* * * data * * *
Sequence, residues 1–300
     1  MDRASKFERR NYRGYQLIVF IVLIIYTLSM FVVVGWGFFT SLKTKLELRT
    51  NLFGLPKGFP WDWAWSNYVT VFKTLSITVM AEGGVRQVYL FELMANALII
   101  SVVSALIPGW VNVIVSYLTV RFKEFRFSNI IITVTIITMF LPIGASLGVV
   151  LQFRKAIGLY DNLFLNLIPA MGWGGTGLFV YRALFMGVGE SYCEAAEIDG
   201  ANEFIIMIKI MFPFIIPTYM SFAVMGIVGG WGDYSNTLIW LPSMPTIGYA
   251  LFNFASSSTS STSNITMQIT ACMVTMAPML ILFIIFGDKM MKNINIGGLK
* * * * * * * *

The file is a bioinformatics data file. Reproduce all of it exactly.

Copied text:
Sequence, residues 1–300
     1  MDRASKFERR NYRGYQLIVF IVLIIYTLSM FVVVGWGFFT SLKTKLELRT
    51  NLFGLPKGFP WDWAWSNYVT VFKTLSITVM AEGGVRQVYL FELMANALII
   101  SVVSALIPGW VNVIVSYLTV RFKEFRFSNI IITVTIITMF LPIGASLGVV
   151  LQFRKAIGLY DNLFLNLIPA MGWGGTGLFV YRALFMGVGE SYCEAAEIDG
   201  ANEFIIMIKI MFPFIIPTYM SFAVMGIVGG WGDYSNTLIW LPSMPTIGYA
   251  LFNFASSSTS STSNITMQIT ACMVTMAPML ILFIIFGDKM MKNINIGGLK